Friday, 7 April 2017

Luther, Brexit and the shy British

Martin Luther was a young man of thirty three, the age of Christ at the first Easter, when he nailed his 95 theses in Latin to the door of Wittenberg’s Castle Church on 31 October, 1517. Luther was a German professor of theology, composer, priest and monk. He partly intended to reform Catholic practices, particularly 'indulgences'. Instead he triggered the Protestant Reformation which still echoes like a giant shockwave, or tear in the fabric of Western Europe. Its impact echoes down the centuries and exists in Britain, today.

The 95 theses are inscribed on All Saints' church door, Wittenberg.  By A.Savin (Wikimedia Commons · WikiPhotoSpace) - Own work, FAL,

No doubt, it is a sense of a distinct culture in Britain today, as opposed to the largely culturally Catholic Continent, that has led to Brexit. The British, after The Reformation evolved into keenly literate and largely freedom-loving people. The Reformation replaced material sacramentalism (relics, statues, saints, the Eucharist, praying for the dead, magical healings) with the authority of the Bible. It was during The English Reformation that the role of the laity was raised into 'the priesthood of all believers', undermining the power of Bishops (mostly aristocrats). This change of emphasis led to an explosion of educational reform, in England and Scotland. The Reformation was a people-centred revolution and, in this sense, Brexit is not dissimilar.

Literate Britain
Within decades the clergy were university-educated. The people could read the Bible for themselves - in English. Writing and reading has been a mark of Britain ever since. It has more bookshops and more books being published per capita than any other nation. The emphasis on the laity as equal to the priesthood, actively singing Psalms in place of Catholic choirs, led, by steps, to The Civil War, which balanced the power of the people and that of the monarch. Out of this came democracy, the concept of government by the people for the people.  It is opposed to oligarchy.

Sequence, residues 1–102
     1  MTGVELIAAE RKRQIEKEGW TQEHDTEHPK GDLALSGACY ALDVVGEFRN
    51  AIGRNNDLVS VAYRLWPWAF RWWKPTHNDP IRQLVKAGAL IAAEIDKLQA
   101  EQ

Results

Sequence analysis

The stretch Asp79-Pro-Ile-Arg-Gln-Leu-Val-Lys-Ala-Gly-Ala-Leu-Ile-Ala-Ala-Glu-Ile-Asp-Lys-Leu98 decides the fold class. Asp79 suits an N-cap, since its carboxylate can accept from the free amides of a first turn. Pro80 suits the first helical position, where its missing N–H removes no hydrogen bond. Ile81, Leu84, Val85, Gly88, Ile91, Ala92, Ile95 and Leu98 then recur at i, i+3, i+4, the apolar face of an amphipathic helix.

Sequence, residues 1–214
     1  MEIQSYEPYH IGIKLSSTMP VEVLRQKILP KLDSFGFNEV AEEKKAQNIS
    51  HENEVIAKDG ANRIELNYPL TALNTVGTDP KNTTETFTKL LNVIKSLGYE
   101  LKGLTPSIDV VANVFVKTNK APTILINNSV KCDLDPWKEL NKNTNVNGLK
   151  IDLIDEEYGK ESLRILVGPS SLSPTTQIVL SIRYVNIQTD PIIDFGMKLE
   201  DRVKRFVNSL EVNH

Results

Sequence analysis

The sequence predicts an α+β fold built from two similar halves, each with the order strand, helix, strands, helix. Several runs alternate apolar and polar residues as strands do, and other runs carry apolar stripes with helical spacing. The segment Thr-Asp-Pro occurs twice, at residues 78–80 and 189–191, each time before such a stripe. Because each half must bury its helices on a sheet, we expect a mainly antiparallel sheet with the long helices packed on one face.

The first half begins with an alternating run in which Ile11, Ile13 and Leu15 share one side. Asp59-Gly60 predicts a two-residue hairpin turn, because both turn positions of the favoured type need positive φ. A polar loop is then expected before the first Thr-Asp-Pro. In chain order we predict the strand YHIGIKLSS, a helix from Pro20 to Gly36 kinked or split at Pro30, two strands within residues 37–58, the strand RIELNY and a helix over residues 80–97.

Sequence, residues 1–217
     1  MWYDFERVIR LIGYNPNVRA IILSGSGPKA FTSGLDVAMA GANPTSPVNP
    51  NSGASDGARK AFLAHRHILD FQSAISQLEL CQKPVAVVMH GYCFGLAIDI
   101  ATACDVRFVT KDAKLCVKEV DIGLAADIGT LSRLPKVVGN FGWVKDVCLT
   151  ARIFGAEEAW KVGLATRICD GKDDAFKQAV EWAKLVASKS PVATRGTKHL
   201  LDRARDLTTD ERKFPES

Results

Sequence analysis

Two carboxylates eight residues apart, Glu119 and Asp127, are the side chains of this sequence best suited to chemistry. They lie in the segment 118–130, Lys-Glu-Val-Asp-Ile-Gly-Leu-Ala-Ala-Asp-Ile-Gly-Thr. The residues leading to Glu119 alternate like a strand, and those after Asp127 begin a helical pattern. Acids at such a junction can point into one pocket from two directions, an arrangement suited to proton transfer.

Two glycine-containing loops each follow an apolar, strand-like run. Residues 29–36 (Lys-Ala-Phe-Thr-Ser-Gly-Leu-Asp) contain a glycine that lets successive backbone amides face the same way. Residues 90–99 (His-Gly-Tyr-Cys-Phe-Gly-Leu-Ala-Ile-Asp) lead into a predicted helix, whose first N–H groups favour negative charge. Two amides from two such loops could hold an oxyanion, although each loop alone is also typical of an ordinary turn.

We can trace all this back to The Reformation which took an iron hold in the strangely fertile soil of Britain and before that to Luther’s challenge to Catholicism. The Reformation was not just about Catholic clerical corruption, which was prevalent. Indulgences were being sold for money e.g. to build St Peter’s in Rome and enable the Pope and church to enjoy a lavish lifestyle. It was also about basic doctrine.

A different version of Christianity
Luther struck at the underlying presuppositions, or some would say misinterpretations of the whole Christian message, by the Church of Rome. He said that the New Testament, and therefore Christ, taught that we are saved not by indulgences, pilgrimages, masses but as 'a free gift' through the death of Jesus on the Cross, in a one-off act of atonement (literally 'at-one-ment'), setting aside God’s Judgement on our sin. It was an entirely new reading of the Bible, or at least a rediscovery of the original faith that the Apostles had taught. This released to the people assurance (acceptance and forgiveness) which changed and energised lives, creating a distinct version of Christianity. Protestants saw it as a return to the 'primitive' (meaning the 'original') teaching of Christ.

People of words